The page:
Thursday, 20 December 2012


The inimitable Malcolm X with Alex Harley(Credit-Facebook) 
This is certainly my last blog for the year 2012. What a year it has been. In my personal, family and professional life the year has been about learning, persisting and growing. The Ananse story about the palm nut and the hole in the ground  has held so much meaning for me. Ananse the great eternal anti-hero and thinker(I thank my very senior friend Nana Nketsia V of Essikado for teaching me the deeper meaning of Kwaku Ananse and the enduring tales span centuries ago about him) was as usual caught up in a drama where the entire village was threatened by famine. He chances upon this hole with strict rules about how many palm nuts to put in the ground to allow access to a bounty of food. Ananse defies the rules in the interest of greed and loses a great chance to cure his hunger and that of his family. The story is about temperance, patience and fortitude. One cannot always force things in life. Sometimes things fall at your feet without you trying. The Orientals call it Tao, the Way( Christianity in its earliest manifestation was also called the Way...well, well, well) . In a year in which  my thirties draw to an end I learnt the ying and yang of effort and effortlessness.

Cranes hug the Dubai skyline(03.09.2005)
I will blog about the elections when the dust finally settles. As a patriot and nationalist the elections is teaching me lessons about this Republic and her people in all their viciousness, cunning , hubris, forbearance, large heartedness and calculating coldness. This story is not about the Dubai you know which oozes with opulence,luxury and all the allure of the consumer's paradise. I have to thank Malcolm X and my compatriot Ayi Kwei Armah for drawing my mind as a youth to the East. These two made me understand that the East was not far after all. And appreciation is due also to my Dad Yaw Adjei who encouraged my then playful interest in heading Eastward. I remember what he said to me then: " Lloyd go East. The pulse of the changing world lies there. Go and see that world with your eyes." Of course he had been to India before I was born. So in my Eastward journeys I have come to know Dubai. The last time I passed through was last month. I watched closely to see if this Gulf state had lost any of its shine after the last global financial bubble left most of its multi-million dollar steel and concrete heaven bound edifices empty. As I snaked through the airport I espied that large advertorial on the wall announcing the Dubai of tomorrow to all who passed through this city. I collected several of the country's free newspapers(we in Ghana do not want anything free; its corrupting!). Reading some of their papers can be tedious; it feels like trying to get your arms round a Baobab tree. Dubai has not lost its glitter yet.The all white queues waiting to buy shimmering gold was there.The glum,sated, snotty sheiks with their flowing white gowns were still there. The wafting scent of perfumes that threatened to excavate all your olfactory members were still present. The markets were alive brimming with luxuries and the gaunt, listless workers from Pakistan, Philippines and   Indonesia were still there seeking their fortune or misfortune. Dubai has become a legend. Like Timbuktu and Djeni and Gao long before the philistines laid siege in our very wretched times. And that is how my Dubai has taken the sobriquet for himself.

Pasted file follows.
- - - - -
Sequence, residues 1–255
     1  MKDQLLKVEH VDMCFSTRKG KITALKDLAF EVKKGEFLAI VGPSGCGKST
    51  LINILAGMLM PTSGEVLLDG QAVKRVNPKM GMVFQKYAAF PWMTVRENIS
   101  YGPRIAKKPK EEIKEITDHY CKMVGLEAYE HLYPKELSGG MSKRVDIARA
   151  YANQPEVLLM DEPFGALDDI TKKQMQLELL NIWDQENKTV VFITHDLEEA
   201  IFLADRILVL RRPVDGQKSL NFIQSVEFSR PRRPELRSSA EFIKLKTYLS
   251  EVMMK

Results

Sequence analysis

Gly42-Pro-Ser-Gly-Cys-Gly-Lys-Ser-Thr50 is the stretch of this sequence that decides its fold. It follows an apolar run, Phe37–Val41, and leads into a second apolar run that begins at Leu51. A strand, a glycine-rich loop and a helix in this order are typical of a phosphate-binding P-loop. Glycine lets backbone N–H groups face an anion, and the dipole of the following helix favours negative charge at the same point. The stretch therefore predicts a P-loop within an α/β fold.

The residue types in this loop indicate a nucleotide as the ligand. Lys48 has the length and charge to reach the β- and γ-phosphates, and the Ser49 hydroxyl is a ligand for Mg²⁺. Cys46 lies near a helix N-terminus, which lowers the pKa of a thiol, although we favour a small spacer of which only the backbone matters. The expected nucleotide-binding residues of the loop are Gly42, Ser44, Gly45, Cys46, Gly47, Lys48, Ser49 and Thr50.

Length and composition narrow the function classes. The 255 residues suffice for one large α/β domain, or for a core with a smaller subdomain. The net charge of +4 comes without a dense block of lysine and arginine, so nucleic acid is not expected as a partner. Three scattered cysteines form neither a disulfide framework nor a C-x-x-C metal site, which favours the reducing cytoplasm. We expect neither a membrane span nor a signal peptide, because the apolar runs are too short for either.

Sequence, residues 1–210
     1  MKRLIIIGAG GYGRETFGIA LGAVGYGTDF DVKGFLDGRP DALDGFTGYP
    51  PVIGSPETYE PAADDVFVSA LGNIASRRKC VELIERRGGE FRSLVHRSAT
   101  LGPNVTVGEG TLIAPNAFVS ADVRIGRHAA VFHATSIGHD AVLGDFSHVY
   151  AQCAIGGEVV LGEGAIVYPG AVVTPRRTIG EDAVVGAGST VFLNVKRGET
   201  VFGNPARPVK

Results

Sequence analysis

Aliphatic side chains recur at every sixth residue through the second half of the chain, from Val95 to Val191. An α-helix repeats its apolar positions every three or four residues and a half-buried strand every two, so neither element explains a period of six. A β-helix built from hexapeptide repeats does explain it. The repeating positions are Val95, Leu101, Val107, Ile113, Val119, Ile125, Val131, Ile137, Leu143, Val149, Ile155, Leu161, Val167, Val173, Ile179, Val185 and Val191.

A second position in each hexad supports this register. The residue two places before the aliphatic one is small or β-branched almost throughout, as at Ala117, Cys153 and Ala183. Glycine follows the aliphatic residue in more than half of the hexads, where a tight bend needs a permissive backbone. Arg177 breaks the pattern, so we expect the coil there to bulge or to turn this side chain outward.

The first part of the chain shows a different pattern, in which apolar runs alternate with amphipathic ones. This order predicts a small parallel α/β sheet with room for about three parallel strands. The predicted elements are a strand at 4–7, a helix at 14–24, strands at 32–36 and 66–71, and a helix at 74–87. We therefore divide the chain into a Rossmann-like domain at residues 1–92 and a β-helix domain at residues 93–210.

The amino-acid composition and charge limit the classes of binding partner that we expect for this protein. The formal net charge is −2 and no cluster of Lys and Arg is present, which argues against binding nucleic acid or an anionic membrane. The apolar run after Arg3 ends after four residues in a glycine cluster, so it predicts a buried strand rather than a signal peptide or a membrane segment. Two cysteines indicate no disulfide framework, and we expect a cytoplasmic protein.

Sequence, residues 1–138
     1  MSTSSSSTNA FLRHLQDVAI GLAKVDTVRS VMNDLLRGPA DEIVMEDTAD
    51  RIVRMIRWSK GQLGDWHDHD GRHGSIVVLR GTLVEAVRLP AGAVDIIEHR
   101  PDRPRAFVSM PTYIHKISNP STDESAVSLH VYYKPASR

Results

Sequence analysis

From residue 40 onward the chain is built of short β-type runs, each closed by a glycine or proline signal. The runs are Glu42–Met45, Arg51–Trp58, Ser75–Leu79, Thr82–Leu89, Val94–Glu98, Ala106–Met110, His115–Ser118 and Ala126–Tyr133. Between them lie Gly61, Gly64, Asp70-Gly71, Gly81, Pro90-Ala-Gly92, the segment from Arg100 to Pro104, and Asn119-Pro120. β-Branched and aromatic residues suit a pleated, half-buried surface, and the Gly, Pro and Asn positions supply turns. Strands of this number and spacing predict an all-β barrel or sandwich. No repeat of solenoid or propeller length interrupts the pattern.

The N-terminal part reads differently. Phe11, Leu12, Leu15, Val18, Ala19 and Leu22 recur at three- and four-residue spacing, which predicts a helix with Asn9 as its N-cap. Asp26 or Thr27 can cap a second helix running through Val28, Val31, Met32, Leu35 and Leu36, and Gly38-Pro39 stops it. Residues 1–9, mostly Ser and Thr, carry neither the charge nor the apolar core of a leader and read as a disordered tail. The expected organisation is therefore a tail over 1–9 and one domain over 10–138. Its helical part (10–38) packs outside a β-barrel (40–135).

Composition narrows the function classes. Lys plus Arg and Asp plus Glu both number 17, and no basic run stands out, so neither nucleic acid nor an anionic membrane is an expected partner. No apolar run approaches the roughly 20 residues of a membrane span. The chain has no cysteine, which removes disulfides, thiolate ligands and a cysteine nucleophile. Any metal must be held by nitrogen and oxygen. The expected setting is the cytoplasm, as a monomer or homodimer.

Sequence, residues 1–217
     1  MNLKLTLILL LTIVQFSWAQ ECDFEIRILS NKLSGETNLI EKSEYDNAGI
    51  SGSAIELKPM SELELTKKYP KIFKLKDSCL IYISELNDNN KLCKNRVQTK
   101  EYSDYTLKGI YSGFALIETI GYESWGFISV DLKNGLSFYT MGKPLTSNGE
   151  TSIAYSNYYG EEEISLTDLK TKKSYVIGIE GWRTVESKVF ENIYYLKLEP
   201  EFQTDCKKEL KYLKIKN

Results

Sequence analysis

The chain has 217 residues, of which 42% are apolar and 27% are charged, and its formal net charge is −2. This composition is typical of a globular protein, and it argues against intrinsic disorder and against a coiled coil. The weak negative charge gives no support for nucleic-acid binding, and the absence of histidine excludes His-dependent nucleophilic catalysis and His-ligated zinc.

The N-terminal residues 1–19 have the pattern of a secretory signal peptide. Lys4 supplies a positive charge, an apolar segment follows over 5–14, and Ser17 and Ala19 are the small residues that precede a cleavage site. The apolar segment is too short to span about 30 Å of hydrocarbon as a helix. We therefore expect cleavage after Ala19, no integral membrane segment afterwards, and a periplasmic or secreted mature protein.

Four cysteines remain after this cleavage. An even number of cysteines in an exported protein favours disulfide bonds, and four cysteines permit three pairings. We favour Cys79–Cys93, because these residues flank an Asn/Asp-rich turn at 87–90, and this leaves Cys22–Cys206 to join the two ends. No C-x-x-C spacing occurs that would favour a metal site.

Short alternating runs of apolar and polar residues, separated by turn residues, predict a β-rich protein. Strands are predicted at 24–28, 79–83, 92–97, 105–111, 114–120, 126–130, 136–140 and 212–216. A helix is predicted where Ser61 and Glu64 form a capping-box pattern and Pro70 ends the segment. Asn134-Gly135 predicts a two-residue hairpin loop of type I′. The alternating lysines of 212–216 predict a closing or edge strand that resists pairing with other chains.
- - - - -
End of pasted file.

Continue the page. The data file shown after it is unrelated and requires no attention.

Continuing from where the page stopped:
I met him at the car wash. I wondered why he wore shorts at all if his prime agenda was to expose all of his boxers and his butts. His mimicked Beckham's hair cut(displayed at his ill fated last world cup). He was energetic and enterprising, full of zest and life. He gave my jalopy a nice shine. We got talking. I have always been interested in all sorts. His name was Dubai. He wanted to go to Dubai and bring stuff back to Ghana to sell. He obviously had heard the tales carried by those restless Ghanaian business men and women who hustled their way across the world to their self engineered prosperity. Dubai loved the Sarkodie blaring away in my car. He was a budding rapper he intoned. He was looking for a producer. He delivered some punchlines to me. Later on Dubai intimated that he was a factory hand too on the Spintex Road on that Lebanese Enclave Stretch. The next time I saw Dubai he was selling an assortment of shoes on the pavement in Sakumono. Dude had taken a portion of the street. I have given up trying to keep this neighbourhood a residential area. Soon it will be an ugly slum with all its open spaces taken over by citizens trying to make a living in a stiflingly unresponsive environment while the MPs and party general secretaries and presidential staffers move to and fro in their "toys". And they say we are lazy; a dubious narrative that even some serious scholars believe in.   Unless policy formation touches the little man and woman its a farce routinized in winding speeches, sod cutting ceremonies and reels of texts and figures.
What next for Dubai???????????  Happy hols to Dubai and to us all!!!                   

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